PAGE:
The Price to Earnings Ratio, or PE Ratio, is the primary valuation ratio used by most equity investors. It is the price per share divided by earnings per share. This is measured on a 1 year rolling basis and earnings are diluted and normalised.
A high PE ratio means that investors are paying more for each unit of Earnings, so the stock is more expensive compared to one with a lower PE ratio. The PE ratio can be seen as being expressed in years, in the sense that it shows the number of years of earnings which would be required to pay back the purchase price, ignoring inflation.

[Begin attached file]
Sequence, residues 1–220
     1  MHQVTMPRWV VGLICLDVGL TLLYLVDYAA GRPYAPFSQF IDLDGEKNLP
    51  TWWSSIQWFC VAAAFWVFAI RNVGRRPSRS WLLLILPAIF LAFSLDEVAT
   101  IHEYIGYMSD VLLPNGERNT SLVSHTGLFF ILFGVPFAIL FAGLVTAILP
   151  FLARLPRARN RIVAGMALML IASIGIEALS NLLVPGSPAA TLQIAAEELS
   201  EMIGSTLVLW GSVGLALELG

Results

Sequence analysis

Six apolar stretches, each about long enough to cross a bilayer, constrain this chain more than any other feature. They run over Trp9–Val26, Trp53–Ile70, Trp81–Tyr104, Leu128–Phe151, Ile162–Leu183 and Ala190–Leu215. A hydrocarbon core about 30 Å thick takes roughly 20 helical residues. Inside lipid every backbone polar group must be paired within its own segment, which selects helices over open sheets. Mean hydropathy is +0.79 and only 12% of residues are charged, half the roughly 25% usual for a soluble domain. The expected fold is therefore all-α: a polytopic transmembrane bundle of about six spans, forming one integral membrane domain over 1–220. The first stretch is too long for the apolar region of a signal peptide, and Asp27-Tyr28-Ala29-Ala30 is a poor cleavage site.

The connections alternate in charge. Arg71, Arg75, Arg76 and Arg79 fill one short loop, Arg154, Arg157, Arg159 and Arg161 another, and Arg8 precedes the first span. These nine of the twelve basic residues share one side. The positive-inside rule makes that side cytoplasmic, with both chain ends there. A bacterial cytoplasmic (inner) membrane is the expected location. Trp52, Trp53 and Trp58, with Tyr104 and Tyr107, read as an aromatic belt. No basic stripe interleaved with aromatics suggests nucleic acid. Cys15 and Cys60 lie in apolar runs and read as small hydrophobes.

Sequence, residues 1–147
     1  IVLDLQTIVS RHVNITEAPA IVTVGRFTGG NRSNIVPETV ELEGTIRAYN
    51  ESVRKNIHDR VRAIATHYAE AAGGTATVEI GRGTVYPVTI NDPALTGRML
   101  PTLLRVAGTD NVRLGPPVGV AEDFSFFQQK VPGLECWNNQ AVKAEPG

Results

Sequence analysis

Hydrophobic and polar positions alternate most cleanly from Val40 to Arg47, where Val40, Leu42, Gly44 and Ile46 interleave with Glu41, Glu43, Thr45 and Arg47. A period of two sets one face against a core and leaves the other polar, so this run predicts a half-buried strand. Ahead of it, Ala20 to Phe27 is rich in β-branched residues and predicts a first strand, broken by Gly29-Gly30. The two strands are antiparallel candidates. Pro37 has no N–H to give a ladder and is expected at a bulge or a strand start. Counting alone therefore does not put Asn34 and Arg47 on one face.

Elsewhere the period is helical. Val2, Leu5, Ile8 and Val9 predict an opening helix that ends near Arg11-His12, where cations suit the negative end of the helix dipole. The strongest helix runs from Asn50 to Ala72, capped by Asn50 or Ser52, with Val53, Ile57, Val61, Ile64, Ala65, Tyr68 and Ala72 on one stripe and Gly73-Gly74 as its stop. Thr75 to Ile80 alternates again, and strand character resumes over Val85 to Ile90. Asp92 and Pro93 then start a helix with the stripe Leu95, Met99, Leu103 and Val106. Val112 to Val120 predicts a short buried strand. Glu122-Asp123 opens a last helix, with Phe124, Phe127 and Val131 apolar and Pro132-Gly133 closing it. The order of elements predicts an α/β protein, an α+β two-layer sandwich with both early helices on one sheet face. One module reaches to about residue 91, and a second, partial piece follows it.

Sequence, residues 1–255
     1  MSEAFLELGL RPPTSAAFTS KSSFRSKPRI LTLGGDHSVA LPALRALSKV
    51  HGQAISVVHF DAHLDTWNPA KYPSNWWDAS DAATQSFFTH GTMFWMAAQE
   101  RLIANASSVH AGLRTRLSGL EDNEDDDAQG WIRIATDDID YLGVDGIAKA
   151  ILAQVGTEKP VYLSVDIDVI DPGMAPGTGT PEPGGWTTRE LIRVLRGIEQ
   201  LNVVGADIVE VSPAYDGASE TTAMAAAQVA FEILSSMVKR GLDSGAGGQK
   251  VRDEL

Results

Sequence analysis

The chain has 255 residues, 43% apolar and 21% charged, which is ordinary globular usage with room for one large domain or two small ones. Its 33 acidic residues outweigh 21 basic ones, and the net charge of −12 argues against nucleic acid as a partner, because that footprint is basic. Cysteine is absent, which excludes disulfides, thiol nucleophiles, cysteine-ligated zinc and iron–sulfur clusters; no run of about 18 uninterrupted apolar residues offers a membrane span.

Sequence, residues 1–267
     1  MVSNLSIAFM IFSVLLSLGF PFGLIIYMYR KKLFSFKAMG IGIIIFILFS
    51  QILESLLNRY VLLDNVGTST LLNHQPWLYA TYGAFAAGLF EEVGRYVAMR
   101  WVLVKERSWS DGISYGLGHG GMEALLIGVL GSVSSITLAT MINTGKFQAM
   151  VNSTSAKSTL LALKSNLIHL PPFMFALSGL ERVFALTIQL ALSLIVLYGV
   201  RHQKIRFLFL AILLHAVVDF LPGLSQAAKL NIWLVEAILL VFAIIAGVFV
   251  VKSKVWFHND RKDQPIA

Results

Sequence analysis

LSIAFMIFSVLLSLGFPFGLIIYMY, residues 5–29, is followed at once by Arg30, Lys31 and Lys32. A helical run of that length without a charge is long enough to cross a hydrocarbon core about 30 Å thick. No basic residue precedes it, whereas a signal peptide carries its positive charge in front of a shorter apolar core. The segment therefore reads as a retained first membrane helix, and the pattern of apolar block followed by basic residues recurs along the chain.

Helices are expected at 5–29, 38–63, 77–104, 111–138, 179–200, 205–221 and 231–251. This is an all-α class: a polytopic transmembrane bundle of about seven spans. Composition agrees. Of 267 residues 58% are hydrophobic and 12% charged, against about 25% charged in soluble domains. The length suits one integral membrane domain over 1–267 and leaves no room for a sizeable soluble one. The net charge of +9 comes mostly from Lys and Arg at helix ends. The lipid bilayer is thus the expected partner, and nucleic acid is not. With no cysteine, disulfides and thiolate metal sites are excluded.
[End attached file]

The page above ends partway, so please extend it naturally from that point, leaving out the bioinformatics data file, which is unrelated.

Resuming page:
Investors have a tendency to overreact becoming enamoured with glamour stocks (pushing their PE too high) while becoming disenchanted with value stocks (pushing their PE too low). Research has shown that low PE ratio stocks tend to outperform high PE stocks in the long run. On the other hand, there are many investors who believe that you should 'pay up for quality' in the same way people pay for jewellery - the best growth stocks therefore rarely trade for cheap PE multiples.
Unlike the EV/EBITDA multiple which is capital structure-neutral, the price-to-earnings ratio reflects the capital structure of the company in question. The reciprocal of the PE ratio is known as the Earnings Yield.
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